HARRISBURG, Pa (Reuters) - Harrisburg’s mayor and five of its seven city council members voted on Monday to sell an incinerator and lease out parking garages, among the city’s biggest assets, moving closer to an agreement that could stave off a state takeover.
Harrisburg, a city of about 50,000 and the state capital, is struggling to pay for essential services while also facing about $300 million in debt linked to a revamp of its incinerator. The city council filed for bankruptcy last month.
The new agreements, which also include how to then pay off any stranded debt, will be included in a consent agreement due to the commonwealth at 5 p.m. next Monday.
Such an agreement is needed to prevent a takeover by Pennsylvania, whose governor has signed legislation allowing him to declare the fiscal emergency as a step toward a takeover in which the state would employ a receiver to decide how to eliminate the debt.
Although Monday’s meeting was more contentious than a similar meeting a week ago, council members said they were happy with what they accomplished.
“It’s big. We actually made progress today,” City Councilwoman Patty Kim said.
Mayor Linda Thompson, asked if she believed a consent agreement would be reached by next week’s deadline, said: “I don’t think council wants a state takeover under their leadership.”
Thompson and the council members agreed to sell the incinerator and lease out the parking garages, but not until after they debated language dealing with the delivery of a forensic audit of the Harrisburg Authority, which oversaw the incinerator retrofit and other multi-million dollar projects.
Thompson said she had been worried the council would use the uncompleted audit as a “trump card” to stall the sale of the incinerator and the leasing of the garages, deals that could generate $224 million in revenue for the city.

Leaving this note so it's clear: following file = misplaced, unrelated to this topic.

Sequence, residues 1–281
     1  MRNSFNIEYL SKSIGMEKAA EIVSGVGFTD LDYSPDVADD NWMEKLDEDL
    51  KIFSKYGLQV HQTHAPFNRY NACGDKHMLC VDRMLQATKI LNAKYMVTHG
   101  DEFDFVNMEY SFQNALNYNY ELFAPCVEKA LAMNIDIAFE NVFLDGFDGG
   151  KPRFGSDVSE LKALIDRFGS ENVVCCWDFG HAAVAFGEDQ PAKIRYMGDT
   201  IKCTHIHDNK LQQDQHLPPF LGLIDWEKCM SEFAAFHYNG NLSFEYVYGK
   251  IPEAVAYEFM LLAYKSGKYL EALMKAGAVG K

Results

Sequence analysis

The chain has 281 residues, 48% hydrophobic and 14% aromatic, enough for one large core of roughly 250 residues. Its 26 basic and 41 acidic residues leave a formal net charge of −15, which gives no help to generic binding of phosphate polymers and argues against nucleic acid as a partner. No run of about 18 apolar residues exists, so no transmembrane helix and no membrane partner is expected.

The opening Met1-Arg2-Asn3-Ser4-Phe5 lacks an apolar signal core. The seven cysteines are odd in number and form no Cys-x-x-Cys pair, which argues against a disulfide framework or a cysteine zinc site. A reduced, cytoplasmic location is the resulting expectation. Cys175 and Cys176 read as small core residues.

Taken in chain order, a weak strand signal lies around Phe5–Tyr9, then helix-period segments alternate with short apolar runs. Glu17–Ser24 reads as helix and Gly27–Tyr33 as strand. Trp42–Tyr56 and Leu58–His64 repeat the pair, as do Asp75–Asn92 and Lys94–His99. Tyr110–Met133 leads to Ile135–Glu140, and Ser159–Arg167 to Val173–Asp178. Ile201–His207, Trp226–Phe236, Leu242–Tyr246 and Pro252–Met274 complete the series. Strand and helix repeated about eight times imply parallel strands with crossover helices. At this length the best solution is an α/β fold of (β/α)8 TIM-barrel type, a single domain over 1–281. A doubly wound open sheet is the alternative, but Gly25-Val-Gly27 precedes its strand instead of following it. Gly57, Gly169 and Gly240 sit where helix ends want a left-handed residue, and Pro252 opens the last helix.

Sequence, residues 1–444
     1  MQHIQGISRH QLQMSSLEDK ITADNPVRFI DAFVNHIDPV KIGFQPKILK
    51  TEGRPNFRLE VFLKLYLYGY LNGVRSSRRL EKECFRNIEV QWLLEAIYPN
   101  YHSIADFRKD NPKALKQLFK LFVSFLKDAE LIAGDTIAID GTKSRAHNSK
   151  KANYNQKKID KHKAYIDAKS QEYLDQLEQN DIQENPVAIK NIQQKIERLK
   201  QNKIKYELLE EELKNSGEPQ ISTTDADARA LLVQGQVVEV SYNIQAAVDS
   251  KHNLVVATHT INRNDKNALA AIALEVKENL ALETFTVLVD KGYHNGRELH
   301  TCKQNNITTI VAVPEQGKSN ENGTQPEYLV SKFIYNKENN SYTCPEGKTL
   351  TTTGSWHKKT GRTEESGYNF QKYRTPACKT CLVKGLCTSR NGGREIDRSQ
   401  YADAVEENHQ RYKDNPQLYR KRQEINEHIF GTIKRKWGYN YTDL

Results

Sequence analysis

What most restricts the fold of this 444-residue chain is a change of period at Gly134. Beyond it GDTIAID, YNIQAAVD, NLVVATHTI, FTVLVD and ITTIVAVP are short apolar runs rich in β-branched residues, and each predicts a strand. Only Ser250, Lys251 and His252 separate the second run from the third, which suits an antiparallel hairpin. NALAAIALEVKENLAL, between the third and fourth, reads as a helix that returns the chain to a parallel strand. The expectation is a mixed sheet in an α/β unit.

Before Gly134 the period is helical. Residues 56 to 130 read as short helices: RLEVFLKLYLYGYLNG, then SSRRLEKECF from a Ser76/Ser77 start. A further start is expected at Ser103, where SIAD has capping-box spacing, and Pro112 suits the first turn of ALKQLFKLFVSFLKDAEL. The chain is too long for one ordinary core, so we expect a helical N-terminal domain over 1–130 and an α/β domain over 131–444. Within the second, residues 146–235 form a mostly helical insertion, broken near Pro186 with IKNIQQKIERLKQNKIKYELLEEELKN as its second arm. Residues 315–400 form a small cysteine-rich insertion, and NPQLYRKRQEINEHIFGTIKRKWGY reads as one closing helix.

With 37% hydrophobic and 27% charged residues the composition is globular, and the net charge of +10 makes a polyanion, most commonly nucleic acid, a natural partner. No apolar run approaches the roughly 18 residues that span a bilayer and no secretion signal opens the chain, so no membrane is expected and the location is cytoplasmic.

After the Harrisburg Authority agreed to regularly update the mayor and city council about the audit’s progress, the sides agreed to include language dealing with incinerator sale and the leasing of the garages in the consent agreement.
The council also agreed with the mayor to include the original Act 47 proposal from the state as the framework for dealing with any leftover debt once the incinerator is sold and the garages are leased.
If the debt is less than $26 million, Thompson wanted the city’s four major creditors -- Assured Guaranty Mutual; Dauphin County; Covanta Energy, which operates the incinerator; and Ambac Financial Group -- to take on that stranded debt.
If the outstanding debt is greater than $26 million, she asked for 80 percent for the creditors with the city paying the remaining 20 percent.
City Councilman Brad Koplinski wanted creditors to pay $100 million each, regardless of any incinerator and parking garage deal.
The Act 47 plan that was agreed on includes annual payments from the state and county of $2.5 million and $3 million, respectively.
Earlier on Monday, the council and mayor met with creditors for 3.5 hours behind closed doors in a hotel. The room was “packed” with businesses and their attorneys, one city official said, asking not to be named because of confidentiality agreements. Another official described the meeting as “pretty rough.”
Besides the city’s requirement to present a consent agreement to Pennsylvania by the end of the business day on November 14, it is still waiting to hear from federal bankruptcy court about a petition for Chapter 9 bankruptcy that was filed last month. That hearing is still scheduled for November 23.
Editing by Cynthia Johnston